The convention's proceedings and aims were publicized by Douglas, who used his printing press at the office of his paper, the North Star, to issue a report on the meeting. News of the Declaration's adoption would be derided in the popular press; but its force and implications began to galvanize a growing women's equality movement. Over the following years Stanton began a partnership with Susan B. Anthony, organized subsequent conventions across the northeast, and wrote articles on temperance, divorce, and the legal obstacles to women's rights and equality. During the Civil War, in 1863, Mott, Stanton and others petitioned for the immediate passage of the 13th Amendment which abolished slavery, and suspended the annual meetings of their convention in deference to the war effort. When the battlefields had cleared and the war ended, Stanton, Anthony, and others created the first national women's rights organization the American Equal Rights Association; hoping that in the new political climate of racial equality, rights and suffrage would also be extended to women. The passage of the 15th Amendment in 1865 dashed any such hopes, eliminating voting restrictions due to race, but not sex. Undeterred, Stanton and her organization pushed for voting rights on the national level, and when, in 1878 an Amendment was put before Congress, Stanton was there to testify on its behalf. Again she was met with opposition. The Declaration of Principles, it seemed, was destined to fight a longer war than the Declaration of Independence. 

  On the state level, the Equal Rights Association appeared to have equality only in their inability to amend state constitutions. 480 campaigns were launched between 1870 and 1910 in 33 states; the results of which were a mere 17 referendums put before voters. Only two, Idaho and Colorado, achieved their objective. Colorado's adoption was a significant victory. There male voters, for the first time in the nation's history, voted in favor of enfranchising women. Slowly but surely, the cause was achieving victories, no matter how small they may have been. Further ballot initiatives achieved success, while the new states of Wyoming and Utah were admitted to the Union with universal suffrage as part of their constitutions. The goal of a Constitutional Amendment, and the attainment of one of the Declaration of Principle's core objectives, however, remained elusive. The Women's Suffrage Amendment was proposed every year following 1878; but for more than a decade following 1893 it failed to receive a favorable report in Congressional committee. Year after year Stanton and other Equal Right's leaders would testify before the House and the Senate, pushing and campaigning for the Amendment's adoption. Victory would finally be achieved on August 18, 1920 with the ratification of the 19th Amendment, which stated that the "right of citizens of the United States to vote shall not be denied or abridged by the United States or by any State on account of sex." It was a victory that only one of the signers of the Declaration of Principles would live to see. Stanton died in 1902 in New York City, Mott 22 years earlier in 1880; but one woman, Charlotte Woodward, who had heard the revolutionary call of 1848 and had, as a nineteen year old, attended the very first Women's Rights Convention, cast her vote in the presidential election of 1920.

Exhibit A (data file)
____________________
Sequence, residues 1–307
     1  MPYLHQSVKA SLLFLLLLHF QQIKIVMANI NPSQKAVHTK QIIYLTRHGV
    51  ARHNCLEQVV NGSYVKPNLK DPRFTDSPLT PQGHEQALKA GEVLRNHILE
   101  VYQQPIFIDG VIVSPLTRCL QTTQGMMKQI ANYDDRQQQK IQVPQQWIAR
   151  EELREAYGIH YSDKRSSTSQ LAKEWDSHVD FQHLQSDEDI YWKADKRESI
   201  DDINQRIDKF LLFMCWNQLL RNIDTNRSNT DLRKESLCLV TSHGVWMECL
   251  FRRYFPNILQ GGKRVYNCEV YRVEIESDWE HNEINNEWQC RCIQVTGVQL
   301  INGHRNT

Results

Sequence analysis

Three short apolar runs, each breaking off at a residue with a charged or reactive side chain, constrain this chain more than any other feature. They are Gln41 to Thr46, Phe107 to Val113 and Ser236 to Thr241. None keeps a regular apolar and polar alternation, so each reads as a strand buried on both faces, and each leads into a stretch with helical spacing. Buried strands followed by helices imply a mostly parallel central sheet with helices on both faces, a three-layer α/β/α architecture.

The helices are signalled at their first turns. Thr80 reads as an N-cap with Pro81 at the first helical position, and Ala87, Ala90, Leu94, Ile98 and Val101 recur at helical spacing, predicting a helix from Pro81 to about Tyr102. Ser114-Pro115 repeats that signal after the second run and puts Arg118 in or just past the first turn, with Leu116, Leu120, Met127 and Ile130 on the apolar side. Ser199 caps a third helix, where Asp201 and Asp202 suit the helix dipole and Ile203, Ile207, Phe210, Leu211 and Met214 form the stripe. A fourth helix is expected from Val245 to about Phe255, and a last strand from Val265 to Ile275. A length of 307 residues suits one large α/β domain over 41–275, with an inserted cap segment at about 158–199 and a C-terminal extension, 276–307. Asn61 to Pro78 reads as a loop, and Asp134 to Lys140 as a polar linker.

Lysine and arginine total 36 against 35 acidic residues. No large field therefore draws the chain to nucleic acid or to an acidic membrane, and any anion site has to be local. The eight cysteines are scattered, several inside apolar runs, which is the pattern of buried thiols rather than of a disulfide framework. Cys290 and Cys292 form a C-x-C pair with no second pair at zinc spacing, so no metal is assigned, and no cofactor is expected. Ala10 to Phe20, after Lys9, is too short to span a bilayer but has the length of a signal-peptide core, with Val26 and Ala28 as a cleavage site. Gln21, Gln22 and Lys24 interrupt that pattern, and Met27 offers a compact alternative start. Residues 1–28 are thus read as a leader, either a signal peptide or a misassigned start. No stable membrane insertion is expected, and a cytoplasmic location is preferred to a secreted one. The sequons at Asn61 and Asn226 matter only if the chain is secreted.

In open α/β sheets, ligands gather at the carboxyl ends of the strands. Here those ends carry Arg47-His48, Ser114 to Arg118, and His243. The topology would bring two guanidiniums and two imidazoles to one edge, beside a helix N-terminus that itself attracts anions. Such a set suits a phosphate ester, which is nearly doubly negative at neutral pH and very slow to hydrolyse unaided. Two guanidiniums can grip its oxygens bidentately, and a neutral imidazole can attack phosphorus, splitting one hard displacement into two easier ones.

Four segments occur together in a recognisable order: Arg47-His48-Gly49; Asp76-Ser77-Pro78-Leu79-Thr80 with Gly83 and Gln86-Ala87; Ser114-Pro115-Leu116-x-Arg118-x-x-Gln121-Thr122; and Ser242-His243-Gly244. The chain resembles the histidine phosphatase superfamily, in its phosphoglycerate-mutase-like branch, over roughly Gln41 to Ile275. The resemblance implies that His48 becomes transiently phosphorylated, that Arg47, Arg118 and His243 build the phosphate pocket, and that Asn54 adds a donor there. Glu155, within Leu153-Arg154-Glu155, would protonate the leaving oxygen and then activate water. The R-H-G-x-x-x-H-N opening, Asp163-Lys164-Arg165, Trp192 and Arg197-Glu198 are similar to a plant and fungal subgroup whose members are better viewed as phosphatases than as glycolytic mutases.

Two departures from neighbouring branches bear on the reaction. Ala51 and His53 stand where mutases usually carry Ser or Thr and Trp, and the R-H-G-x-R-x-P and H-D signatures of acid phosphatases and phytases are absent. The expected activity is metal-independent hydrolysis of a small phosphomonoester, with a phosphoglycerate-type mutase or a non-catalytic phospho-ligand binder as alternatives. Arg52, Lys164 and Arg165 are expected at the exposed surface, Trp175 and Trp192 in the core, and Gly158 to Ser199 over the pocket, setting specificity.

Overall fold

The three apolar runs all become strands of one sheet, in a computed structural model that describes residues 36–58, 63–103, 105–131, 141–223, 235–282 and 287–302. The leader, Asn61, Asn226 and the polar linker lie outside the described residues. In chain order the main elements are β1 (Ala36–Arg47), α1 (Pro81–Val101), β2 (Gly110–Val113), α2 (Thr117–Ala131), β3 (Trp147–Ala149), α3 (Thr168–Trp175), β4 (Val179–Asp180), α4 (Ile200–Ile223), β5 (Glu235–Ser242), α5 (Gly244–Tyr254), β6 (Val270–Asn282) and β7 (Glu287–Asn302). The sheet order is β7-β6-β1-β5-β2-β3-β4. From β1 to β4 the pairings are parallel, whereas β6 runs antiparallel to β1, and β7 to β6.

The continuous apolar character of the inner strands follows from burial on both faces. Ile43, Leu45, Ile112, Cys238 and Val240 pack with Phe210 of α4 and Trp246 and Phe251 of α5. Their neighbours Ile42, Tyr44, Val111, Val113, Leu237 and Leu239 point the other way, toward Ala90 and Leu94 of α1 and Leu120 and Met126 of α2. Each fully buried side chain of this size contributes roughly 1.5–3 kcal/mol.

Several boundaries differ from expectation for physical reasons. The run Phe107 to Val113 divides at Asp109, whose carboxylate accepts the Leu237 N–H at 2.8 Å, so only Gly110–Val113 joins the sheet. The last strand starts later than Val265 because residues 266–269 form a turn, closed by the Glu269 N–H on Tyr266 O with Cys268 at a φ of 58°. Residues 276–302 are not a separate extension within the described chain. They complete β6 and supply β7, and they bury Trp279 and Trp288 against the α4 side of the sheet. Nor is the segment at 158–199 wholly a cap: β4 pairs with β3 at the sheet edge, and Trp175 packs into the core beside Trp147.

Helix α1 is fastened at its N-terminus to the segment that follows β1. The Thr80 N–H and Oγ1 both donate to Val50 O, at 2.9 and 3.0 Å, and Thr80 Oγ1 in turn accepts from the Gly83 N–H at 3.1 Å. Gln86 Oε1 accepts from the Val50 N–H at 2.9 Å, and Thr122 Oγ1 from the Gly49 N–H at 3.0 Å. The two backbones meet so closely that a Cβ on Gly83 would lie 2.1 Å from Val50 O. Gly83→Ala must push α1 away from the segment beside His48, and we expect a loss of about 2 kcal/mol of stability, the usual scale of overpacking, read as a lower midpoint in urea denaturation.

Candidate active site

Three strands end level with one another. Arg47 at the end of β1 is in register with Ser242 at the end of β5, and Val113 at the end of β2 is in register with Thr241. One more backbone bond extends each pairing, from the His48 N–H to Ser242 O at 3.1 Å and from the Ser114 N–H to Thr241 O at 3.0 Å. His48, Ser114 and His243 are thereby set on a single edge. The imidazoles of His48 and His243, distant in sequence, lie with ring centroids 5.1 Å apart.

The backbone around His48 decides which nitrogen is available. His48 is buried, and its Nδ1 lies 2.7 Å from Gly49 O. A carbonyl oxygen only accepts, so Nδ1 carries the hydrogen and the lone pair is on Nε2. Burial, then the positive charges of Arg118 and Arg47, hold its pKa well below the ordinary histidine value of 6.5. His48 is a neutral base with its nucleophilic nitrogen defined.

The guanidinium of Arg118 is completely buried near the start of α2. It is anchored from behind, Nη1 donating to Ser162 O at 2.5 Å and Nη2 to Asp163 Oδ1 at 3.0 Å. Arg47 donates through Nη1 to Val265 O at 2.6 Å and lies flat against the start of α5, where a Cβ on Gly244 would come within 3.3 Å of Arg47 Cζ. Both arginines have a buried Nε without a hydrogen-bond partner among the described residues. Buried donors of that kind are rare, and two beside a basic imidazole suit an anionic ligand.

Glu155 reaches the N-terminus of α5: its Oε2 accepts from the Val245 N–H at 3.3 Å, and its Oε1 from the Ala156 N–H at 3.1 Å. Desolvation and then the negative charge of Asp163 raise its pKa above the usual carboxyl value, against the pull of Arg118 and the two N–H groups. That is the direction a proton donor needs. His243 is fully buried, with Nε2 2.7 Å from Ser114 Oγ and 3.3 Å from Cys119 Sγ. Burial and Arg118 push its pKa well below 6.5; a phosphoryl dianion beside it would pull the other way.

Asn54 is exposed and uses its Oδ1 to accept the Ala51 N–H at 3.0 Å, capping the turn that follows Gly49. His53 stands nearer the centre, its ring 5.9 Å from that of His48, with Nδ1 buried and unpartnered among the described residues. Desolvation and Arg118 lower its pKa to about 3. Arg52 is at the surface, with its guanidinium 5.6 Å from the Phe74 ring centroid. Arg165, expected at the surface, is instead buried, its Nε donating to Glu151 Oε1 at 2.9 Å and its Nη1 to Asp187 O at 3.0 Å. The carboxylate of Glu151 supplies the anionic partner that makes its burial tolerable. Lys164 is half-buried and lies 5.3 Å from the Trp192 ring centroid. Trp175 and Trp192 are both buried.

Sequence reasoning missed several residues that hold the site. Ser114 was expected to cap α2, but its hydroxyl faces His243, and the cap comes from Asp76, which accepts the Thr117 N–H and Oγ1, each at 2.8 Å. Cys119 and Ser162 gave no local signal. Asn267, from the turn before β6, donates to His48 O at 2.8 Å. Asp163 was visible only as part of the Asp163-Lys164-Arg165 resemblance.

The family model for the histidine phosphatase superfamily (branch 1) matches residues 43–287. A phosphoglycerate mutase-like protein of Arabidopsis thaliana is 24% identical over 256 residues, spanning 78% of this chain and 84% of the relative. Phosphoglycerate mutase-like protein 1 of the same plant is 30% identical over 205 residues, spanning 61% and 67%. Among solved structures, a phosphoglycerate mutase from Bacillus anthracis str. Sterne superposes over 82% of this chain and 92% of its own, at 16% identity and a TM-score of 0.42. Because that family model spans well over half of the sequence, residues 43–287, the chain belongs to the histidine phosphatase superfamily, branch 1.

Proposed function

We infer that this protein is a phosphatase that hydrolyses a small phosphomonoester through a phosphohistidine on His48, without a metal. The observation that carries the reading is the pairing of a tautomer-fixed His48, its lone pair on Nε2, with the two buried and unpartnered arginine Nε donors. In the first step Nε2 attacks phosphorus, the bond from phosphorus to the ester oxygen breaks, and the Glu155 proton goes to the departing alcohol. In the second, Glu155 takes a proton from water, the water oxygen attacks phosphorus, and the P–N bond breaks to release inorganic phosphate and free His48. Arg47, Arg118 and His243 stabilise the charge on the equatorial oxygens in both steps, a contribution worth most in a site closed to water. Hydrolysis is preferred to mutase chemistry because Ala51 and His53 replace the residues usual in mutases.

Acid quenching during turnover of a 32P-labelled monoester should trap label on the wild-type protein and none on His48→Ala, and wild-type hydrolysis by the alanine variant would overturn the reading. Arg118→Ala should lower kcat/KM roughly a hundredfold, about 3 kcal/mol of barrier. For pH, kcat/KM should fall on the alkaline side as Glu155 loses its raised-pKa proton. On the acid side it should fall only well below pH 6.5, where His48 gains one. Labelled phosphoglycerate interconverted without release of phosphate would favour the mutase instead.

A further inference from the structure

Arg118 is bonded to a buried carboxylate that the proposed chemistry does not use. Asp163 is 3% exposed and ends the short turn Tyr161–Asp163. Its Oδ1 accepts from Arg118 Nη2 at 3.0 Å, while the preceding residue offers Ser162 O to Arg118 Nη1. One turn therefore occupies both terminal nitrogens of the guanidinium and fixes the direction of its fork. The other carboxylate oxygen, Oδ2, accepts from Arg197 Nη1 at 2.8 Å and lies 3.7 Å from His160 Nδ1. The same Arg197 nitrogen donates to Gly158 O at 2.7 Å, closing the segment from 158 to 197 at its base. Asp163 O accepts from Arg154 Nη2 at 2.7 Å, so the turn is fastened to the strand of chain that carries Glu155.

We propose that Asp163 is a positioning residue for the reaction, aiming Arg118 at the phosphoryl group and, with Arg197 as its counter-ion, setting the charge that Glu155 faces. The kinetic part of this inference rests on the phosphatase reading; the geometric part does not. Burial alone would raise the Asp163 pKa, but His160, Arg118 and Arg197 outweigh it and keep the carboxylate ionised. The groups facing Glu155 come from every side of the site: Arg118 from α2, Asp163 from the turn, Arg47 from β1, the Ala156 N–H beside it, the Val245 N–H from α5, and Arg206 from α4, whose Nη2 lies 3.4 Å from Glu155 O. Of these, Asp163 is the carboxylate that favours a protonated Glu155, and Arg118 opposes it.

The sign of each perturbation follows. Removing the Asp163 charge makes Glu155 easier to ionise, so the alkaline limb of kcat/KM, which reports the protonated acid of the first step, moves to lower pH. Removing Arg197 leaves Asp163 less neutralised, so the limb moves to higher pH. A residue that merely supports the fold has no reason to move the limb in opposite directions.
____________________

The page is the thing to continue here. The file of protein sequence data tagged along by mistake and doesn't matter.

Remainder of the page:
Suffrage however, was only a part of the Declaration's list of goals. Struggle to attain full equality under the law, of compensation, and of access to education and resources continues even to this day. It is tempting to view the nomination of Hillary Clinton for the presidential office by a major political party as the penultimate crack in the "glass ceiling", and certainly Stanton and Mott would have been proud to see a world in which women had no say in the government which presided over them transformed into a world in which a woman's voice lead the way, but the true promise of their vision has yet to be fully realized. Unlike the European revolutionaries of 1848 who were eventually subdued by a return to monarchy and arbitrary rule, Stanton, Mott, and the other leaders of the Equal Rights movement did not abandon the fight; making good on their battle cry's final impetus to carry the struggle to every corner of the nation. Their unyielding fight for equality reminds us that progress is not demarcated by a single accomplishment, beyond which vigilance may be relinquished. Rather, only through constant pressure, toil, and dedication, can progress be achieved and maintained. 



The Revolutions of 1848. Encyclopedia Britannica Online.

Flexner, Eleanor. Century of Struggle: The Women's Rights Movement in the United States. Atheneum. New York. 1973. 

Declaration of Sentiments. 1848.

Women's Rights National Historical Park. Essays on the Convention, Elizabeth Cady Stanton, Lucretia Mott, Frederick Douglas.

Elizabeth Cady Stanton, Susan B. Anthony, and Matilda Joselyn Gage, eds., History of Woman Suffrage, Vol. 1 (New York: Fowler and Wells, 1881), 53-54, 61-62.